From the Archives....
|Who is this rider? Any guesses?
|Boy does she ever need lessons before this horse is ruined!
Here is a picture of someone who has a lot wrong. First, the saddle is way
too forward -- it is sitting on the horse's shoulder. Ouch! Next, the rider is obviously pulling on the horse's mouth to get
it to drop its nose and give at the poll. Another ouch!
If this horse were trotting, it would have a short stride since its neck is
crunched. It may look as though the rider has a good straight line elbow to bit, but actually her hands are over the pommel
of the saddle and her elbows are behind her hips. She needs to allow this horse to stretch its neck forward onto the bit by
bringing her elbow slightly forward, not compressing the neck backwards. Also, the rider is sitting in a chair seat with the
ankle out in front of the hip. For correct alignment the ear, shoulder, hip and ankle should be in one straight line. The
rider's boots are dirty and this detail takes away from the otherwise nice attire, but, the dirty boots accentuate the fact
that her toe is sticking out, and the flat side of the hip is not on the saddle allowing the hips to open. She should drop
the foot out of the stirrup, let the leg hang down, grab the back of the thigh to rotate the knee in and open the hip and
get the foot and toes facing 5 to midnight, instead of 10 after midnight. And, a pet peeve, the mane is on the wrong side.
(See picture below of saddle fitted too far forward.)
Photo of how a saddle is not supposed to sit on the
horse's shoulders, interfering with its forward swing.
|Picture taken from Doris Halstead's book, "Release the Potential".
Release the Potential author Doris Halstead was in Saxonburg
in September. Dakota and Johannis went to have a session with Doris. Let me tell you they enjoyed it. When they arrived at
Braeface Farm, owned by Mary Schoder, they walked into a 12x12 stall and awaited their muscle therapy treatment. The hay there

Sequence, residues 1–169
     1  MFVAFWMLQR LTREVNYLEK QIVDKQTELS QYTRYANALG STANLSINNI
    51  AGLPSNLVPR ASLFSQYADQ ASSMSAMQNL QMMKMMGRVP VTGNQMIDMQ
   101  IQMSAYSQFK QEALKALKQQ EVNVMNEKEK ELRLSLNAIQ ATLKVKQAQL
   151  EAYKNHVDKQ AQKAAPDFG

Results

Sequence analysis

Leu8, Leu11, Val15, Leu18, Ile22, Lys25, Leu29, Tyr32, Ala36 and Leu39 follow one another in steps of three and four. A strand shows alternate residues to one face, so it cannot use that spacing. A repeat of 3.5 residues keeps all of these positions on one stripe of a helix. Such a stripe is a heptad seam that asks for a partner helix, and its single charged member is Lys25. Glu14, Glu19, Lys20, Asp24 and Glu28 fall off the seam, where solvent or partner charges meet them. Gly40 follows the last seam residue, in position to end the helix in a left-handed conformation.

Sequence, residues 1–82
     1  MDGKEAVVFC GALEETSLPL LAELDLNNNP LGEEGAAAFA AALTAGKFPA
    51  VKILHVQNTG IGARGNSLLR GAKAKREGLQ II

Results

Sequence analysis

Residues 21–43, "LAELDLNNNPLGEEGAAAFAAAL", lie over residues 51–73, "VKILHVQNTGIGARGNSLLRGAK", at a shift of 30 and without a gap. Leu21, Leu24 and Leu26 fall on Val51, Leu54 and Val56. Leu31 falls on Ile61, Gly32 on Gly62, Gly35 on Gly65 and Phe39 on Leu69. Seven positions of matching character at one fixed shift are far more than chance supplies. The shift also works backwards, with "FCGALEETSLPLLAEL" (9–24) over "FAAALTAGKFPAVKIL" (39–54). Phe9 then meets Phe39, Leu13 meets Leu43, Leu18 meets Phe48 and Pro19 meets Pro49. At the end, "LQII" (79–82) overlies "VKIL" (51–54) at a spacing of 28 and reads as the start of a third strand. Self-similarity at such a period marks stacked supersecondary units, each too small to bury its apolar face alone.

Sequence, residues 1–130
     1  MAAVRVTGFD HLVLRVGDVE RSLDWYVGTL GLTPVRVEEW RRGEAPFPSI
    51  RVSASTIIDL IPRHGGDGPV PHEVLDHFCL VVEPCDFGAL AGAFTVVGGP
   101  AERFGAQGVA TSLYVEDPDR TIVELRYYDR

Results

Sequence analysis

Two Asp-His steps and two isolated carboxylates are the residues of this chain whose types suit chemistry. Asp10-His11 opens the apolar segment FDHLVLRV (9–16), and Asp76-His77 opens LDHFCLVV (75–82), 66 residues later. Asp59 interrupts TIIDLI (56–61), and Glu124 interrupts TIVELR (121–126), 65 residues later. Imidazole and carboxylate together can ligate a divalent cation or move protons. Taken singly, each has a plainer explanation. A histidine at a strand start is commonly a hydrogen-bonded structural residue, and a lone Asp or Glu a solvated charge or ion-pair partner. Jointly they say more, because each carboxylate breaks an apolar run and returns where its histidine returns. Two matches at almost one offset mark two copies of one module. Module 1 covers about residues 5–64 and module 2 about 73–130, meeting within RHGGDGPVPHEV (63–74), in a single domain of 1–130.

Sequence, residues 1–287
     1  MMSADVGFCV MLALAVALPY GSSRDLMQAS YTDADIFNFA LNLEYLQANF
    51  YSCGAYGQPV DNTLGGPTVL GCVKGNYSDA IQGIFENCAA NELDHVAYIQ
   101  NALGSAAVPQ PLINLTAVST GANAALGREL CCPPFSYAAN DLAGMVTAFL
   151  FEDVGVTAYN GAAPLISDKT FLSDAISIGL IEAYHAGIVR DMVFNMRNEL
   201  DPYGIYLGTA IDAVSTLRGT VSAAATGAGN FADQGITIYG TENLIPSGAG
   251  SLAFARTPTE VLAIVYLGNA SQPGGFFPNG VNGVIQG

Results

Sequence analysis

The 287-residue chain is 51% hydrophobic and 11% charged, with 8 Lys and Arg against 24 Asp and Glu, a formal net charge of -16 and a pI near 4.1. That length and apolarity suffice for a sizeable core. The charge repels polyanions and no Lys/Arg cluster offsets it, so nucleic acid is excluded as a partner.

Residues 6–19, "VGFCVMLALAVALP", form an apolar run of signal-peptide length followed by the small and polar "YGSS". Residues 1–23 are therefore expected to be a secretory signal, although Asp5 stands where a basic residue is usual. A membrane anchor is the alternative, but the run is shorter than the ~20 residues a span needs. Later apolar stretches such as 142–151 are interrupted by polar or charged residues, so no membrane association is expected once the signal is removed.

was great and the air was different. If could have been Mary's herb garden just outside the barn. Doris found different issues
with each horse. She evaluated each horse first to check out their symmetry then she went to work. Doris' back ground is in
physical therapy, but because she is an avid dressage enthusiast, she started working on horses too. Since, she has written
two books, the one above and a new one called Awakening Rider's Pelvic Movement. Doris spent time with each horse first
adjusting their shoulders. You know how your horse may throw his shoulder out, and you spend years trying to correct it...Doris
did this by applying pressure to certain trigger point areas within the horse to get the muscles to release. She says each
adjustment she does has to be non threatening to the horses, small and familiar. If a horse feels threatened, it won't be
able to release. This only makes sense. She did adjustments to both horse's poll areas and their "gelding scars". This area
where the geldings have been cut, holds a lot of tension according to Doris. She held the empty sack until the horse relaxed
and let it go. Of course, doing this to your own gelding is not recommended without first knowing how he already feels about
his "gelding scar". What Doris recommends is reading her book Release the Potential. She says every thing she did to
Johannis and Dakota is in the book. I, of course, ordered the book, and she is right -- this book is so simple to follow and
laid out with great pictures. If you see me groping behind your horse pulling its tail, massaging its gums or flexing the
crest of its neck, you can be sure that I learned it from Doris Holmstead. To buy her book, contact Amazon.com, or ask your
favorite book store or tack store to order one. And, don't forget the book about the rider's pelvis, too. Or, if you would
like to see my copies just ask.